Politics has become the art of the impossible.
We have a dysfunctional economy because we have a dysfunctional society, and vice versa. The pieces in the jigsaw box don't match up with the picture on the lid.
The picture shows people providing manufactures and services for each other. Families are holding together through thick and thin, and raising their children with love and discipline. Tax rates are low because money velocity and employment are high and few need to call on the safety net of the Welfare State. After paying for the necessaries of life, there is money left over to save for emergencies and old age, and saving is worthwhile because the currency keeps its value. The country is self-governing and at peace with its neighbours. Our leaders work for our best interests, arbitrating fairly between the demands of different groups.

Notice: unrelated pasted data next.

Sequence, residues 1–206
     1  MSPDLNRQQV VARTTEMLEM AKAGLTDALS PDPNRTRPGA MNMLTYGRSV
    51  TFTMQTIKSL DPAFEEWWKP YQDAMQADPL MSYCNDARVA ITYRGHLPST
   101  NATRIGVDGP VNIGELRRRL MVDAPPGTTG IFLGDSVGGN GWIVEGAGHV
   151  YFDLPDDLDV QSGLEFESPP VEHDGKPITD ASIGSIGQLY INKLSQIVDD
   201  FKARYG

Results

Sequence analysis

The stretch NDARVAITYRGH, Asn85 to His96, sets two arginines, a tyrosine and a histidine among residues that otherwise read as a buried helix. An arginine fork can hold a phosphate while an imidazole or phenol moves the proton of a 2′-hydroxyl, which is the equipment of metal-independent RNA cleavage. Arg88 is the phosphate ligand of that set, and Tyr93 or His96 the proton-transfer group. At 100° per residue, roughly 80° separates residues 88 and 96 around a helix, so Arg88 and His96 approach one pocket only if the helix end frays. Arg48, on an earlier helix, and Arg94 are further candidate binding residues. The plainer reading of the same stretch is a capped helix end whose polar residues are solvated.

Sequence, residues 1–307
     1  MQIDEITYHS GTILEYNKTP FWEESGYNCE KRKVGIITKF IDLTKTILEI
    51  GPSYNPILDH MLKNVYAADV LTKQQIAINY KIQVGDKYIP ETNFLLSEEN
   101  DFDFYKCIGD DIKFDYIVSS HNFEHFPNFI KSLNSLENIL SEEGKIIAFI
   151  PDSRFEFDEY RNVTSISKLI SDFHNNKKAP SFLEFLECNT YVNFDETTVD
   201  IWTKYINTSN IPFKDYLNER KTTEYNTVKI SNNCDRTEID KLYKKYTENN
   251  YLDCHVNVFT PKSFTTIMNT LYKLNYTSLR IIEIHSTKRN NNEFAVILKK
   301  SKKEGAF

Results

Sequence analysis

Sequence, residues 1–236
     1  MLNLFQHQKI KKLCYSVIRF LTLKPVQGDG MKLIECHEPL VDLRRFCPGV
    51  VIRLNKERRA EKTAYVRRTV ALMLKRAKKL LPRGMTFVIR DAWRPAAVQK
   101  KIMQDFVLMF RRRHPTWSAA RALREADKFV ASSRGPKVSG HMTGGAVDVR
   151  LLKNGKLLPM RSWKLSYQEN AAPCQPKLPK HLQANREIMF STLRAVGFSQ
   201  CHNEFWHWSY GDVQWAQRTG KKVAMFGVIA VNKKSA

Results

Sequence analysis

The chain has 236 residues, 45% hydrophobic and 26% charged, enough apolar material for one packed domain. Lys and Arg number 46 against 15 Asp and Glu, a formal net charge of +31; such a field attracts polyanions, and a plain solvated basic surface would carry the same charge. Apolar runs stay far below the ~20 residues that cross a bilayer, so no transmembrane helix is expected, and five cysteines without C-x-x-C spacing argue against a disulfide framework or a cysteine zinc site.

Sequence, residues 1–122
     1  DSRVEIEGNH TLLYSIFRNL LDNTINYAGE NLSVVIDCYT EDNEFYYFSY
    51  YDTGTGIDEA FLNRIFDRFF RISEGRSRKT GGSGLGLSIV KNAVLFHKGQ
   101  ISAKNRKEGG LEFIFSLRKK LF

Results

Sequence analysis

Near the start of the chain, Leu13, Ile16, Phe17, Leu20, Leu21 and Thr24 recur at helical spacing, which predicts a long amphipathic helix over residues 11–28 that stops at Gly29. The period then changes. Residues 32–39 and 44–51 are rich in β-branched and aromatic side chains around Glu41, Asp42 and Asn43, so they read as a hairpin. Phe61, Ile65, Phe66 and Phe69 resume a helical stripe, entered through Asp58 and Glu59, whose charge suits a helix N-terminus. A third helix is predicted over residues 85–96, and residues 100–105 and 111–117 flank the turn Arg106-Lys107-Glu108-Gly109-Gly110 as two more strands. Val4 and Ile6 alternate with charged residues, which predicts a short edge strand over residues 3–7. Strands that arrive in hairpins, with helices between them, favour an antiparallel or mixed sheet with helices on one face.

The pieces we have now don't make that picture, and they don't even fit each other.
Our leaders have given our law and governance to the EU, effectively abandoned border controls, sold our economic base to foreign interests and combined to oppose electoral reform that would make them more answerable to the voters.
So to distract from their comprehensive failure, they select victims to be the lightning-rods for our anger. The recent "life means life" ruling on prisoners is to give us the illusion that our judicial system is independent of Europe; benefit claimants are demonised so that we don't ask why we haven't got jobs for them to do; economic immigrants, because they cannot be excluded, are to be treated as second-class citizens (in terms of social benefits) when they arrive.
This is reminiscent of Mao's Cultural Revolution, the cynical sowing of factional discord to secure control at the top. It feels like an era is ending, and those in the know are looting the system before the collapse. If Martin Armstrong's theory is correct, it's all inevitable, part of the long-cycle economic pulse that is bringing both Marxism and representative democracy to an end.
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